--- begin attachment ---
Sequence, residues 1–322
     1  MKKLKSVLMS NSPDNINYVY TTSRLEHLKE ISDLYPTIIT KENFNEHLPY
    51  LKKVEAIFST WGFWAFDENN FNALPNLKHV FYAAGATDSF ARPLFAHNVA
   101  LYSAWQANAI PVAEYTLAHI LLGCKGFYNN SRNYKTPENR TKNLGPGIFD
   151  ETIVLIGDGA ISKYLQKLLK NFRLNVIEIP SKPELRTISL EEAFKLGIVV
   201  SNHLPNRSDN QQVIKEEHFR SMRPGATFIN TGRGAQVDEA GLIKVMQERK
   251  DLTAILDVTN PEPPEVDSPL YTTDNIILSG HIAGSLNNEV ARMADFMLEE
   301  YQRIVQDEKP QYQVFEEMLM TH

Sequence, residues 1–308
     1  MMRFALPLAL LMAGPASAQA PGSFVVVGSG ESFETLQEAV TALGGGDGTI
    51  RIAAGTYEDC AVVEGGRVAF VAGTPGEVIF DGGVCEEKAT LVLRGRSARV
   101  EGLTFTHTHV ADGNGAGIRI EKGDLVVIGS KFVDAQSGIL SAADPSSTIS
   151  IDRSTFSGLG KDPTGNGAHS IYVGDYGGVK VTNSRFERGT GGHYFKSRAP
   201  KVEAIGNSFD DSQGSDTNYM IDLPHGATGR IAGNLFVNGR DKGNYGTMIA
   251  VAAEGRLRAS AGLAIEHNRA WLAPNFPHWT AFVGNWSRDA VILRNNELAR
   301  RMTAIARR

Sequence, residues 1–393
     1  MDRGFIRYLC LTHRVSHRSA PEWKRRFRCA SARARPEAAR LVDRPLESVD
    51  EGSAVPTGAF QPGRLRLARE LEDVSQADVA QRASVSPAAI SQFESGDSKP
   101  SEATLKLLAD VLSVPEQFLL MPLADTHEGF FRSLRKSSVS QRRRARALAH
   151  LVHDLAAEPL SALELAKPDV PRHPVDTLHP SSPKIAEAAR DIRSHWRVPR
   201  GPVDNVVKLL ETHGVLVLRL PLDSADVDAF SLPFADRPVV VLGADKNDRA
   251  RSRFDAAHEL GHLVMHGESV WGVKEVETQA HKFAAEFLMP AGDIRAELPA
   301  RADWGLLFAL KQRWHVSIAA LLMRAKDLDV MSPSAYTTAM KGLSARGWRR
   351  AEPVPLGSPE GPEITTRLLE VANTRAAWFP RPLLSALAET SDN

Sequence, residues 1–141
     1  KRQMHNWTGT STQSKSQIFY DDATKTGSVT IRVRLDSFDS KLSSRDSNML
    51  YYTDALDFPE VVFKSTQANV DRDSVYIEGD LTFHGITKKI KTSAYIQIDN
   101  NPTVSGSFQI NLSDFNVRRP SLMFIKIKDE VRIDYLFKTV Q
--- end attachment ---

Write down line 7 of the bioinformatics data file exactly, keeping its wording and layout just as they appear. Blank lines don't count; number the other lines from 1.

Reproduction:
   251  DLTAILDVTN PEPPEVDSPL YTTDNIILSG HIAGSLNNEV ARMADFMLEE